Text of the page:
Week 9: Redskins fall to 3-6 with a 21-13 loss to Carolina on Sunday afternoon (Nov. 4, 2012).
1. The losing continues, and head coach Mike Shanahan made some eyebrow-raising comments.
The Skins lost their third consecutive game and for the fourth time in five games.
The Skins fell to 14-27 under Shanahan.
The Skins fell to 5-15 at home under Shanahan.
Shanahan, who had called this a “must-win game,” after the game seemed to hint that the Skins were entering an evaluation portion of the season as opposed to contending for the playoffs: “When you lose a game like that, now you’re playing to see who, obviously, is going to be on your football team for years to come. And now we get a chance to evaluate players and see where we’re at. Obviously we’re not out of it statistically, but now we find out what type of character we got and how guys keep on fighting through with the rest of the season.” The comments were a major topic on The Official Redskins Postgame Show on ESPN 980 and on NBC’s Football Night in America.
Shanahan clarified the comments on Monday, when he also expressed displeasure with those in the media who ripped him without calling him.
The Skins seemingly would need to win six of their final seven games to have a realistic shot at the postseason. While you and I can talk in terms of the season essentially being over from a playoff-contending standpoint, neither the coaching staff nor the players should. Shanahan did say on Sunday that the Skins “mathematically” still have a chance, and upon further review what he seemed to be saying on Sunday was now we’ll find out the true fighters on the team. But the phrasing and tone were all wrong.
Sunday’s comments were another example of him not saying things in the best possible manner. The best example of this was the postgame press conference following the benching of quarterback Donovan McNabb on Oct. 31, 2010, but even on Monday Shanahan incorrectly said that not a single player on offense was on the team two years ago. How Shanahan, a two-time Super Bowl-winning and potential Pro Football Hall of Fame head coach, can have these troubles in postgame press conferences is pretty remarkable. I get that talking to reporters is probably like priority no. 12 for him (and that's fine), but this is an area in which he needs to get better.
The Skins have to win four of their final seven games to avoid a fourth consecutive double-digit-loss season.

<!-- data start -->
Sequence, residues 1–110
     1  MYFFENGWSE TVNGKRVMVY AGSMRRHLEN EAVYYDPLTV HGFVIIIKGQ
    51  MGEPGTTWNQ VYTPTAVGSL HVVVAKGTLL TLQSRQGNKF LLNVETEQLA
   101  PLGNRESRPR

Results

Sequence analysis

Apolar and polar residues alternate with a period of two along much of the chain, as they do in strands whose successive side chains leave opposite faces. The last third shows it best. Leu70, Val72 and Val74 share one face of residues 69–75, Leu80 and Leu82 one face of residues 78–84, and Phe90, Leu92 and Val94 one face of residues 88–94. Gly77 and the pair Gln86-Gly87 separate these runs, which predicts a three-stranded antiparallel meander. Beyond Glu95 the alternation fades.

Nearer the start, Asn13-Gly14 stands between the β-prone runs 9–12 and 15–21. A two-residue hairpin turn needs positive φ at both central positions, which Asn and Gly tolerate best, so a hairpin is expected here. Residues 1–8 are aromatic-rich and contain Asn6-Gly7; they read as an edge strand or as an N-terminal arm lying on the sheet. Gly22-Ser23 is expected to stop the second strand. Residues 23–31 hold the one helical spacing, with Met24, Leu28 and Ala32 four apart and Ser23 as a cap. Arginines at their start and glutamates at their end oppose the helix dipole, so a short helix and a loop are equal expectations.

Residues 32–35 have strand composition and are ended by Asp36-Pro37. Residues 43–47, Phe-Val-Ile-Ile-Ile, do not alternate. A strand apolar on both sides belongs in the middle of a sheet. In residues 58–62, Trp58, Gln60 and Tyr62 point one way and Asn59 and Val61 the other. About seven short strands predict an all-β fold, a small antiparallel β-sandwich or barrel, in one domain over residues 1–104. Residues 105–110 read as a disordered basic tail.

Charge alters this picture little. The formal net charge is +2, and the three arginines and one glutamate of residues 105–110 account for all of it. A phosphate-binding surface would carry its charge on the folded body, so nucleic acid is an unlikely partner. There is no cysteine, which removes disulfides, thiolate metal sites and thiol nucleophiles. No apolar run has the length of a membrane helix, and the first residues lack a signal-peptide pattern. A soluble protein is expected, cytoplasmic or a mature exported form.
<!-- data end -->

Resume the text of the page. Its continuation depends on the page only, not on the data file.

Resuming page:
2. The Skins’ defense struggled again.
Quarterback Cam Newton connected with a wide-open receiver in Armanti Edwards for a fourth-quarter 82-yard reception. Newton had a one-yard touchdown run two plays later, helping to give the Panthers a 21-6 lead.
The Skins struggled to stop the run for a second consecutive game. Newton and running backs Jonathan Stewart and DeAngelo Williams combined for 24 carries for 125 yards and two touchdowns. • Stewart had a third-quarter 21-yard run on which he ran by defensive end Stephen Bowen, who failed in an attempted tackle. Defensive coordinator Jim Haslett took the blame for the play on Tuesday: "We had a show-blitz on, so that was my fault for the call."
• Stewart had a first-quarter 17-yard run.
• Stewart had a first-quarter 11-yard run on which corner DeAngelo Hall went to grab the ball instead of tackle Stewart. Hall did have a team-best two passes defended and did grade out at plus-2.6 coverage for the game according to Pro Football Focus.
• Newton had a second-quarter third-and-two 11-yard run.
• Newton had a first-quarter 10-yard run.
The Skins are ninth in the NFL in fewest rushing yards allowed per game (96.2) and tied for 13th in the league in fewest yards allowed per attempt (4.2).
The Panthers went 5-for-11 on third downs, including 4-for-5 in the first half. • The Panthers went 3-for-3 on third downs on a 12-play, 98-yard drive that resulted in receiver Steve Smith’s 19-yard touchdown reception: Newton had an 11-yard run on a third-and-two, tight end Greg Olsen had a 17-yard reception on a third-and-six and Smith’s 19-yard touchdown reception came on a third-and-10.
• Newton had a third-and-one three-yard run on the first-quarter drive that resulted in Williams’ 30-yard touchdown run.
• Olsen had linebacker Perry Riley beat but dropped the ball on a third-quarter third-and-four incompletion.
The Skins are 28th out of 32 NFL teams in opponents’ third-down efficiency (43.8 percent; 49-for-112).
The Skins did not force any takeaways for a second consecutive game off having forced 16 takeaways over the first seven games.
The Skins totaled no sacks and just two quarterback hits and now have totaled two sacks over the last three games and three quarterback hits over the last two games. The Skins are tied for 22nd out of 32 NFL teams with 14 sacks.
Corner Josh Wilson graded out at minus-2.9 coverage according to Pro Football Focus. He got beat by Smith on his second-quarter 19-yard reception. Fox analyst Daryl Johnston was critical of Wilson for not turning his head around to find the ball on the play. Wilson also was apparently at fault for Edwards' fourth-quarter 82-yard reception, as Haslett said on Tuesday that the Skins were in three-deep coverage, meaning that Wilson should have stayed on the outside to cover Edwards according to John Keim of The Washington Examiner. And Wilson committed two pass-interference penalties and was beat by Smith on a first-quarter incompletion that was caused by Newton throwing too high.
Linebacker London Fletcher graded out at minus-2.6 according to Pro Football Focus, which now has given him eight negative grades in nine games this season. He got beat on 13-yard receptions by Olsen and fellow tight end Gary Barnidge on the game’s opening drive, which did result in a Panthers punt. Fletcher also committed a questionable second-quarter 15-yard roughing-the-passer penalty.